Coordinating complexity

Based on several years of research at MIT and Stanford, Mosaic has developed a programming language called Dog, which supports the creation of hybrid computer programs that combine computational steps (performed by computers) with physical steps (performed by people). Using Dog, we can create computer programs that operate in physical (not just digital) reality.

Dog is a language with many possible applications. Initially, Mosaic is using Dog to reimagine the process of construction.

Many of the inefficiencies in construction today result from the difficulty of coordinating work — projects are governed by complicated blueprints, which various subcontractors are expected to translate into specific strategies and actions, often producing mistakes, delays, overruns in cost, and other frustrations.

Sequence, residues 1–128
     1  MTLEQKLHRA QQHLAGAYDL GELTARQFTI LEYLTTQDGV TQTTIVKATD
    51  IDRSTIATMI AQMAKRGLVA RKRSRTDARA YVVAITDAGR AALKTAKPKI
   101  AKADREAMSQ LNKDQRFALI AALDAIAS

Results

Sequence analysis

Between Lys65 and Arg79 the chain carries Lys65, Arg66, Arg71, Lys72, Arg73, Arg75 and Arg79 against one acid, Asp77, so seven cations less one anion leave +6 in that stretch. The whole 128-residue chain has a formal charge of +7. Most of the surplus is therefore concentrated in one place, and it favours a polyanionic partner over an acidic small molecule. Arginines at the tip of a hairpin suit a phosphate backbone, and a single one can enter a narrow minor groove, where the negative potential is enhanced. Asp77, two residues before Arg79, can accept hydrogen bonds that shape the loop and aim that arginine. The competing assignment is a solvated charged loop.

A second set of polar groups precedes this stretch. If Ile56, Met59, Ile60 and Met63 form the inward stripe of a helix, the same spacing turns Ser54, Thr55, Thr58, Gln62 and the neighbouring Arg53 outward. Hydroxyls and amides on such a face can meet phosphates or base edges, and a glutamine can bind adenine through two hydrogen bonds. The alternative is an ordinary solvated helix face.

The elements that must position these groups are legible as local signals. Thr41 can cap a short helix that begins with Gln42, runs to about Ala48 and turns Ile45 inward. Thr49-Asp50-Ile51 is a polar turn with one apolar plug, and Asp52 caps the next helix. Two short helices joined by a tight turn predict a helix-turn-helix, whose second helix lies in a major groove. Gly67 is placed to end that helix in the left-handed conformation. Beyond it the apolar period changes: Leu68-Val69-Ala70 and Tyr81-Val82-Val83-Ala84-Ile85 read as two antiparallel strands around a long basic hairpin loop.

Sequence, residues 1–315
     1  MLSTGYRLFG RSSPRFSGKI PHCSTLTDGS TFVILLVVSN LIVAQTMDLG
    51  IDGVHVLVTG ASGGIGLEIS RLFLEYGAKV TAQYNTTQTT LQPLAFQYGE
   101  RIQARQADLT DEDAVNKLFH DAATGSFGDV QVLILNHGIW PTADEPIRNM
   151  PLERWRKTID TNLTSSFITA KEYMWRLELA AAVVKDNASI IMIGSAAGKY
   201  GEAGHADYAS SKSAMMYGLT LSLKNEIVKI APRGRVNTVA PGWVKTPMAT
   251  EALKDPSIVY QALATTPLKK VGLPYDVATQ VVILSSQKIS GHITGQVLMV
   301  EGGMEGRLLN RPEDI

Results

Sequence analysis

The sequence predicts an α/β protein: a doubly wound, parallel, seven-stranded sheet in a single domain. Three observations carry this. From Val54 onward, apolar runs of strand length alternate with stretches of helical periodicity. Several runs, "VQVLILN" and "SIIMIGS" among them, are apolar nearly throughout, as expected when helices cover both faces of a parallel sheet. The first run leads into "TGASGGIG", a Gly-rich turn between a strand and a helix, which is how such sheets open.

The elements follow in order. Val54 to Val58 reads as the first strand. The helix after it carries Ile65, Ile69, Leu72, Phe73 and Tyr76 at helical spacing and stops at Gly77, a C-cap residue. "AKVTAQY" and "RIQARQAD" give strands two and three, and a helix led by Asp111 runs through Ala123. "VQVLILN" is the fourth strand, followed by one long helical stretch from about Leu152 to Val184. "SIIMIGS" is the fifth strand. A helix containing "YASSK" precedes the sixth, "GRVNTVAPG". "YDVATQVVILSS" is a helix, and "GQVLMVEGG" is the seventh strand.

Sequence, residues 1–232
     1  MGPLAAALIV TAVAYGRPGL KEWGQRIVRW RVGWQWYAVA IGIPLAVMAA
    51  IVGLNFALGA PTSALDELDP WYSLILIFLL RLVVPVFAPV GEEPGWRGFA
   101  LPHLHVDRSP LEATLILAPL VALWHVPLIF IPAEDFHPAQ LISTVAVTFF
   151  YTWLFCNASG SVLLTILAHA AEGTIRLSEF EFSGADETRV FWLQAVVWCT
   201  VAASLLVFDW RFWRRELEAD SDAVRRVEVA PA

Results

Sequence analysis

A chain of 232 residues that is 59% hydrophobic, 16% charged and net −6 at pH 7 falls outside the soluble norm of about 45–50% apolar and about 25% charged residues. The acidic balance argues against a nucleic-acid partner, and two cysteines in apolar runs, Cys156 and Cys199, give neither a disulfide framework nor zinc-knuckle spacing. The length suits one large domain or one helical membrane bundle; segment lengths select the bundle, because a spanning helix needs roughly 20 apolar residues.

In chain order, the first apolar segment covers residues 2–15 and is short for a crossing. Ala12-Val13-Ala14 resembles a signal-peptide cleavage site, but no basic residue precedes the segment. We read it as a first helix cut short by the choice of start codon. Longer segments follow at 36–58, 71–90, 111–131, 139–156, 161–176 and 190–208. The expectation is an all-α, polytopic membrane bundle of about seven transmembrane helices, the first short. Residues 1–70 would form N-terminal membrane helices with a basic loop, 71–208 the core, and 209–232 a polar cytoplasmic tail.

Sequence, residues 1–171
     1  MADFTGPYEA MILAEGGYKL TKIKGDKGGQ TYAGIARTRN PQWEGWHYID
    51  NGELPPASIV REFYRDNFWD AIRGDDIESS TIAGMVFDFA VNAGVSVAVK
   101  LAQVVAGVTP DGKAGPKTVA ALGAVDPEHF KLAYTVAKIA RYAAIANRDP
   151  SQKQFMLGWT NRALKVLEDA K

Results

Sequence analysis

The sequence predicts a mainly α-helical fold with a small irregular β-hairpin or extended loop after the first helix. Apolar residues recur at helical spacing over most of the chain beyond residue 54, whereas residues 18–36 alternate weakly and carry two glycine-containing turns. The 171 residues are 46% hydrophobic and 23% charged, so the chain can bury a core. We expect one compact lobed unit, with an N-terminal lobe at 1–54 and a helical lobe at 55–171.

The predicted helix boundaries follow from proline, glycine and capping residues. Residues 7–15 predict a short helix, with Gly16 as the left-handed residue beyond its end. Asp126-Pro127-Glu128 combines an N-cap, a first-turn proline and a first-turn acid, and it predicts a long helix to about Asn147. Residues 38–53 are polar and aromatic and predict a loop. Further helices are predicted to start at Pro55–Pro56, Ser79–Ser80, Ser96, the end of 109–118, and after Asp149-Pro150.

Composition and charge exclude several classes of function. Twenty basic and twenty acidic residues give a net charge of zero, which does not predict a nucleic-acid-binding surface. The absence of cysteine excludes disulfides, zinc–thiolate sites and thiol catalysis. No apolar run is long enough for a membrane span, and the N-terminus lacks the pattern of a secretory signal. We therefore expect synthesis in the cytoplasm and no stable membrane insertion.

Mosaic uses Dog to translate construction blueprints into clear and formal processes, dispatching simple step-by-step instructions — personalized for each worker and tailored to each moment in the process of construction. Mosaic uses Dog to automate and monitor every part of this process: from planning, to purchasing, to supply chain management, to quality control, to accounting, to building itself.

Dog simplifies the coordination and communication of work, so that higher-quality construction can occur at faster speeds and lower costs.

A workflow for building a house and a worksheet for mounting a sink, both using Dog

Next: Construction »